December 2013

3 Essentials of Successful Prototyping

Prototyping has always been my favorite part of the design process. As a logical result, I tried to make it as big a part as possible. Here's what I learned.

In interaction design, prototypes can take many forms. Anything from a paper prototype to a high fidelity mockup can be useful in different stages of the process. In this article, I talk specifically about prototypes that mimic parts of the final product as closely as possible. Like no other design artefact, this allows us to evaluate the entire experience of a part of the product.

Some people see prototypes as a last step in the design process, right before handing everything off to developers. I am no fan of this practice. Prototypes are at their best, when they are seen as a tool for tinkering. When using them as the standard method for visualizing possible solutions to a problem, they let you discover ideas that you wouldn't have come to mind when working solely on isolated application states.

To unlock this power of prototypes, there are a few things to consider.

1. Speed is everything

You wouldn't use your first sketch as the definitive solution to a problem. Equally, the first prototype you create might not be the best possible outcome.

Get comfortable with throwing your prototypes away.

In order not to fall for the temptation of seeing whatever first comes out of the prototyping process as the ideal solution, you need to get comfortable with throwing away your work. This is hard. I worked on plenty of projects where the outcome might have been even better if I hadn't been clinging to the first prototype.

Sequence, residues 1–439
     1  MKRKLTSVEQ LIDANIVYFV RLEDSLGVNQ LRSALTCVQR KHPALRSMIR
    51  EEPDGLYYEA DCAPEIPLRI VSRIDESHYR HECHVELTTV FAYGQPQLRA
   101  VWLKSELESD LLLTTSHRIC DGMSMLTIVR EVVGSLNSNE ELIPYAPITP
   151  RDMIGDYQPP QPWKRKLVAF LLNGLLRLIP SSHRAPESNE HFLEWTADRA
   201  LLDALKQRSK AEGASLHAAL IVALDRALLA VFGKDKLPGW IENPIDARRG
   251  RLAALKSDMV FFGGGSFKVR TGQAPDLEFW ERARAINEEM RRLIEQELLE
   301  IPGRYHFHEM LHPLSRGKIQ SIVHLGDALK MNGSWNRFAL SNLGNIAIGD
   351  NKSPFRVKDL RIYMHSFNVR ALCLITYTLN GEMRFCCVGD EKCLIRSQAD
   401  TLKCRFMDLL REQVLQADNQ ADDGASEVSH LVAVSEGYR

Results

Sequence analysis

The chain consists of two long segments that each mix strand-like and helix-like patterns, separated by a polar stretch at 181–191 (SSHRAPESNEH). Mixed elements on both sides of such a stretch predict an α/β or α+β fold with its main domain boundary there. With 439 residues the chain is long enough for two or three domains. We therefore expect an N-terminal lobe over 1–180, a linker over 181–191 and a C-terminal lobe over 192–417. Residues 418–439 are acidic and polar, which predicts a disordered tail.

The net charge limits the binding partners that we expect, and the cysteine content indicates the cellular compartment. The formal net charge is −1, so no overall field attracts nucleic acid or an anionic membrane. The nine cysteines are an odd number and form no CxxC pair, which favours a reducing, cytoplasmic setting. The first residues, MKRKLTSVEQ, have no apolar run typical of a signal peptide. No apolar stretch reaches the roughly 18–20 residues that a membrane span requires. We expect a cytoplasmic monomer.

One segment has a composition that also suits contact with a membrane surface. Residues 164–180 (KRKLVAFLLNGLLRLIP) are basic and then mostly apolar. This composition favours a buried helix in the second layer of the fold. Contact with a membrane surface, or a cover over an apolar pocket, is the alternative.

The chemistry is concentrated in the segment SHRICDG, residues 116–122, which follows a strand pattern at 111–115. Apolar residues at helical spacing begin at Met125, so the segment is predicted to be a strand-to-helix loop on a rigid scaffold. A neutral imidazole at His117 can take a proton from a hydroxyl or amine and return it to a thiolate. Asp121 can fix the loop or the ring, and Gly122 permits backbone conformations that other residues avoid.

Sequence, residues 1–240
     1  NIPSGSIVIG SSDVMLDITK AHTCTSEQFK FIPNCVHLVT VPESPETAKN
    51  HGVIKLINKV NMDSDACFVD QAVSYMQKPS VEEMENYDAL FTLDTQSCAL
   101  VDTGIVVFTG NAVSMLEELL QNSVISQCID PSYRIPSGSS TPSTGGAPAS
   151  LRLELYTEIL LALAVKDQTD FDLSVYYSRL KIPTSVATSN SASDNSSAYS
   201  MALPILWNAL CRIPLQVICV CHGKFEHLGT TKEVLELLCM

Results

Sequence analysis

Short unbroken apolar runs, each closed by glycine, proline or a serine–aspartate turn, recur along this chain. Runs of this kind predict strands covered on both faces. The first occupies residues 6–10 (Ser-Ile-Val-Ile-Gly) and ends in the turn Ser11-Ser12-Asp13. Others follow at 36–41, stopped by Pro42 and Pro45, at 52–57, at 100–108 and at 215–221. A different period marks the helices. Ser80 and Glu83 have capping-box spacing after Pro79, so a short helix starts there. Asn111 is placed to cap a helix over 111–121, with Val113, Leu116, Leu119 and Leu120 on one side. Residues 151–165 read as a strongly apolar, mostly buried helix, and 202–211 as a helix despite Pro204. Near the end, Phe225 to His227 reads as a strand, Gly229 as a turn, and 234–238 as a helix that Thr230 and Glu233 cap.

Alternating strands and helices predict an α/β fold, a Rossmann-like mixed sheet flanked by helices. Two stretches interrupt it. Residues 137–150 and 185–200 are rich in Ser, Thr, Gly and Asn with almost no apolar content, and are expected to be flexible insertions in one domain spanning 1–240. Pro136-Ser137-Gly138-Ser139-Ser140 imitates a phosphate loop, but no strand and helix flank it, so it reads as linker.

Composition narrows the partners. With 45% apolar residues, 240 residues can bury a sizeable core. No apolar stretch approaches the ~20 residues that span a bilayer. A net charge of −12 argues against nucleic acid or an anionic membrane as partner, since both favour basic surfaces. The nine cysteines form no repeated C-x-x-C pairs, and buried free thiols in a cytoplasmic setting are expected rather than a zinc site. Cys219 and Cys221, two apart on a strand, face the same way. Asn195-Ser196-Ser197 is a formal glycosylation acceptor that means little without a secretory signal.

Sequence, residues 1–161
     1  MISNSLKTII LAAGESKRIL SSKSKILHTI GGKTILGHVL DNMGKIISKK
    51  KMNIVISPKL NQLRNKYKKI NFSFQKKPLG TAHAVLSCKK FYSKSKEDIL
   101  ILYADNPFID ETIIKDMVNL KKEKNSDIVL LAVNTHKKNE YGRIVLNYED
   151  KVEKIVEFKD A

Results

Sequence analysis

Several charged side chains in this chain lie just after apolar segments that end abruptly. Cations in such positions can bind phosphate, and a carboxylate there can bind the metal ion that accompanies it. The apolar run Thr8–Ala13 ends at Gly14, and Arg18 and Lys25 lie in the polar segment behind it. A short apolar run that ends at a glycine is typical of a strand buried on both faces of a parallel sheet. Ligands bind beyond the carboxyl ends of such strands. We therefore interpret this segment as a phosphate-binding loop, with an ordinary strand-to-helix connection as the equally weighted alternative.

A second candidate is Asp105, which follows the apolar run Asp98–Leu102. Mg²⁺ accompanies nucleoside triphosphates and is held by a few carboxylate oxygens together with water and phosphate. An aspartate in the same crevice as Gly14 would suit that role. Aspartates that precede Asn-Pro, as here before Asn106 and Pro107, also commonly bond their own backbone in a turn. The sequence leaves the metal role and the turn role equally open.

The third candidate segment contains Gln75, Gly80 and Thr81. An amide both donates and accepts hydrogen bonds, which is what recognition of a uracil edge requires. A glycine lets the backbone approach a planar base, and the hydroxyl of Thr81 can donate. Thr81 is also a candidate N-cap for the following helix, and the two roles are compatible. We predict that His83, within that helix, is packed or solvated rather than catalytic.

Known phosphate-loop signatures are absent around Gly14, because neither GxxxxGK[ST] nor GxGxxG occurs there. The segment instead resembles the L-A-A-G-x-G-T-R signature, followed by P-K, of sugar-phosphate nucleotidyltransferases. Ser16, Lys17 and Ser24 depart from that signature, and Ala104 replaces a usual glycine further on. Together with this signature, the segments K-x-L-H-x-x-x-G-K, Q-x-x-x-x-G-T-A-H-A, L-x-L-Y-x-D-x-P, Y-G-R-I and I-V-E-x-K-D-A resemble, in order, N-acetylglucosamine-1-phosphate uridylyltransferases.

Fortunately, there are things that can be done to make this easier. Which brings us to…

2. Keep it small

When using prototypes early and often, it is essential not to overdo it. Just as you wouldn't sketch out every single screen of an application when thinking about a certain feature, you shouldn't try creating one huge prototype. Doing so would slow down the work considerably and draw attention away from what is essential.

Limit. The. Scope.

It is often easier to create a series of small feature prototypes than one big demo.

3. It's not for production

One big fallacy about prototyping is to assume that some of the code can be used in the final product. That assumption is both inconvenient and dangerous. It is inconvenient because it takes focus away from delivering a result and moves it towards code aesthetics, performance optimization and the like. None of these are important in a prototype. And it is dangerous, because most of the time, production code lives in a more complex environment than prototyping code. Trying to force the code into that system results in lots of workarounds that wouldn't even be needed when not starting from prototype code.

Yes, your code should be at least written nicely enough so that you still understand it the next day. Yes, sometimes some basic logic can be reimplemented almost exactly the same way in production. But beware of thinking about implementation when creating a prototype. It will only slow you down and make you set the wrong priorities.


Prototypes are the only artefacts of a designer that can show 100% of the experience of a feature. That alone should be reason enough to use them liberally. In addition, the process is just very rewarding. Yes it takes time to get up to speed in prototyping. But that can be said for any skill out there (remember how long it took you to become really good at Photoshop?) And the result is worth every second of it.